All photos: Author

Border Crossing Guide: Iquitos, Peru to Manaus, Brazil

Travel Insider Guides
by Filipa Chatillon Apr 9, 2012
On Amazon boats, it’s all about the hammock space.
Getting to Santa Rosa (the border)

1. Feel incredibly bored.

You’ve been on this boat for three days, floating the Amazon from Iquitos, with nothing else to do but cradle yourself in your hammock and read. Before that it was three days in another boat down the Maranõn River from Yurimaguas.

The sunsets, orange and violet and blue like you’ve never seen, still impress, but the riverbank scenery — sometimes dense green, sometimes flat, sometimes with villages of wood houses and thatched roofs, other times villages with packed markets and mototaxis — no longer does it for you.

A family of three sleeps in a single hammock next to you. The boat is full beyond what you imagined possible, and the only free place to sit other than your hammock is the bench directly in front of you, where your boyfriend is now stationed. The man who sleeps next to him and his young daughter are also seated there.

You’ve run out of conversation topics with these people.

The air is strangely quiet considering the constant noise that’s haunted this journey: max-volume music from the bar, babies crying, children running around screaming and bumping into your hammock, men squabbling over card games, and the cry of vendors who board at each stop: “cigarrillos, cigarrillos, cigarrillos,” “periodicos, hay periodicos,” “pollo asado, hay pollo asado señores, polloooo asadooo.”

Amazon boat

2. Hear everyone say you’re arriving in Santa Rosa. Feel skeptical…you’ve heard it at least three times in the past two hours. Only believe it once you see the bar closing and your hammock neighbour packing up.

Feel self-conscious about your sweaty, unbathed, hammock-imprinted skin as you see made-up girls leave the bathroom. Remember the “turd on the water-tank” episode from day two and trust your decision not to use the showers.

Try to distinguish the three banks at the triple border of Brazil, Peru, and Colombia. As your boat passes an armored navy vessel, think back to the stories of middle-of-the-night pirate attacks the drunken Peruvian told your boyfriend last night.

3. Santa Rosa is a tiny island with not much more than one dirt road, some restaurants, and the police and immigration offices. Your boat doesn’t really stop there, but at an islet just upstream.

Ask your hammock neighbour if that’s the place you need to go, and laugh at your boyfriend when he suggests you might be able to walk or swim it. Instead, try to disembark as fast as you can to catch one of the few motorized canoes revving outside. Be careful on the slippery gangplank that (barely) prevents you from taking a mud bath.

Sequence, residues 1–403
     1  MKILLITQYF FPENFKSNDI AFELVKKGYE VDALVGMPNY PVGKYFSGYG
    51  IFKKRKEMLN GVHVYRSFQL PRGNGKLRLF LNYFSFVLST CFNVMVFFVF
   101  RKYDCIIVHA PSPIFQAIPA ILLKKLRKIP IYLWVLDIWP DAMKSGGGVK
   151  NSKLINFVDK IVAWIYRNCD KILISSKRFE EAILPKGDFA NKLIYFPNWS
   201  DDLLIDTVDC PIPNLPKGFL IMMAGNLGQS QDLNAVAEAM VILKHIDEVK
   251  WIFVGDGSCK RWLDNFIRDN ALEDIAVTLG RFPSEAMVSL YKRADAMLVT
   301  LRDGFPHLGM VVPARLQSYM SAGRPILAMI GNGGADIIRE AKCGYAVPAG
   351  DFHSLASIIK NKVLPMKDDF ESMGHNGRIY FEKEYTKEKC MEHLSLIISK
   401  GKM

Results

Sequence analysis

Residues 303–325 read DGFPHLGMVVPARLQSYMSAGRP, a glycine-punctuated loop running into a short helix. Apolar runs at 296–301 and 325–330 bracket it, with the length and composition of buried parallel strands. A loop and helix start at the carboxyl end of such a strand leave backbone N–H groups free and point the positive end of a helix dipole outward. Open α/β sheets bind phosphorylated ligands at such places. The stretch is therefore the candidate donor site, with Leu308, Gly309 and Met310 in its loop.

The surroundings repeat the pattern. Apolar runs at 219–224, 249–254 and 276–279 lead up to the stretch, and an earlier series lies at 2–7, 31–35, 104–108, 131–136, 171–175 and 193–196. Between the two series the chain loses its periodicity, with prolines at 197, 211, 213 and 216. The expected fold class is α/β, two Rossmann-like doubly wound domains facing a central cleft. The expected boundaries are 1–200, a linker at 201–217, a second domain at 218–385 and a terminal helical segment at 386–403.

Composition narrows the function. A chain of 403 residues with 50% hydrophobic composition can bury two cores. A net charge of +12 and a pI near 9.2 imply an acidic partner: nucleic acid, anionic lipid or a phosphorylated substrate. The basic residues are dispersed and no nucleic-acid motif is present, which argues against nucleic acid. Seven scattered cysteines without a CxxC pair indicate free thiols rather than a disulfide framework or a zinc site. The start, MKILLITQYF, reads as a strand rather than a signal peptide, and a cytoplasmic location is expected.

Put a waterproof cover on your backpack; these boats float, but they flood, too.

Crossing the border

4. Feel nervous when the immigration officer asks if you’ve been to see the police, even though you have no reason to feel nervous, then relieved when your told it’s part of your border-crossing protocol. Walk to the next building and sit for 15 minutes while a policeman stares at your passport and back at you and hands you a paper saying you have no criminal record. Wonder how he figured that.

Back at immigration, get stamped out of Peru. Take another motorized canoe to Tabatinga (Brasil).

Santa Rosa, Peru

5. If you’re in a hurry to catch the next boat to Manaus, don’t trust the boatman when he tells you it’ll be quick to drop off two other passengers in Letizia (Colombia) first. If he suckers you into it, don’t complain when he can’t find room to dock his boat in Letizia and has to wait; he’ll just say “it’s life.”

Pay him three soles on arrival in Tabatinga and get the change in any of the three currencies, as they’re all accepted in town.

6. Feel apprehensive about riding a scooter taxi carrying backpack and hammocks. Find out there’s one car taxi in town. Pay ten reais and try to rationalize the extra expense. Realize that divided by two it’s only two reais more than the scooters. Ask the taxi driver to take you to immigration and trust him when he tells you it’s the Policial Federal you want.

7. Wait an hour amidst other travelers. Hear their stories and feel happy your Portuguese passport entitles you to enter without a visa. Argue with a Brazilian who tries to cut the queue and gets away with it. Realize it’s pointless. Get stamped for 60 days.


8. Walk to the Porto Fluvial to check if the boat for Manaus really leaves today and discover you have to wait until tomorrow. Feel relieved not to have missed it, but frustrated to be stuck here for the night. Silently curse as you buy your boat ticket for twice what the boats in Peru cost.

Pray for food other than rice and chicken (which you’ll get) and bathroom water that’s not brown (which you won’t).